3. Richard Julian: Slow New York (Manhattan)
Julian is a songwriter of singular talent, capable of exposing the warmth and the dirt between the folds of humanity and making it look easy; a vocalist whose voice is both limited and absolutely appropriate for his material; and a superb multi-instrumentalist. Imagine the jaundiced eye of Randy Newman, infused with a humanist’s forgiving hand, and brought to life by Lyle Lovett’s vocals via a Manhattan coffee shop, and you’ll come close.

The buzz around this album was largely focused on the fact that members of Norah Jones’ band (including Norah herself) played on it, and four cuts were produced by her, but as usual, the buzz misses the point. What’s important is that there isn’t a single bad song, not one untrue moment, not a solitary false note.

Bruce Springsteen4. Bruce Springsteen: We Shall Overcome: The Seeger Sessions (Columbia)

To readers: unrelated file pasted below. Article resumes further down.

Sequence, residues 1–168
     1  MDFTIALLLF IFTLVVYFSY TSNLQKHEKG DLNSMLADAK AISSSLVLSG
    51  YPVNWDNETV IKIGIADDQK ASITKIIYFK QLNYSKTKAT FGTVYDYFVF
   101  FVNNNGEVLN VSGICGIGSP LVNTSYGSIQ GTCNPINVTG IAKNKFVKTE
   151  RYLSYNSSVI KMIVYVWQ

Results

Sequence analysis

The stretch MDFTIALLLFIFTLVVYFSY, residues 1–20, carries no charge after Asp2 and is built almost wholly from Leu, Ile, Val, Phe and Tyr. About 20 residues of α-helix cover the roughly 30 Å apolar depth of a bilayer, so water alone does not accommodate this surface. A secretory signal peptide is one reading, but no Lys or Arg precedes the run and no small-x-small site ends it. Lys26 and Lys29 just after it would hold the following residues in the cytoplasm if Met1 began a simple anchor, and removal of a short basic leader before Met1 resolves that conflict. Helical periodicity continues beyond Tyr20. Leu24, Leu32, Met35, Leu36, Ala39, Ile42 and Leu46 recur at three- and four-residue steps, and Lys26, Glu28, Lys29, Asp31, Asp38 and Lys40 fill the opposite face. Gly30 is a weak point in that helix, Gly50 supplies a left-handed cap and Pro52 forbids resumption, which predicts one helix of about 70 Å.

On the surface, Springsteen doing Pete Seeger may not sound like much to get worked up about, particularly for fans hoping for another album with the E Street Band. Albums of dusty old leftist folk songs tend to be of major interest only to musicologists and dusty old leftists, and though recasting Seeger’s classic screeds in a modern light makes a certain amount of sense, it’s tough to put together an entertaining polemic.

And yet The Seeger Sessions works – not only as homage to the titular songwriter and American hero, but as a Springsteen album. It’s a bit of a revelation, in fact. The great irony at the heart of Springsteen’s work has always been that, even as he rejoiced in the redemptive power of pure rock & roll, he was continually at war with the joyous spontaneity that is rock’s lifeblood. In a way, he’s succeeded in spite of himself; it’s difficult to think of another performer who has been able to assemble his records so meticulously without bleaching all the fun out of them.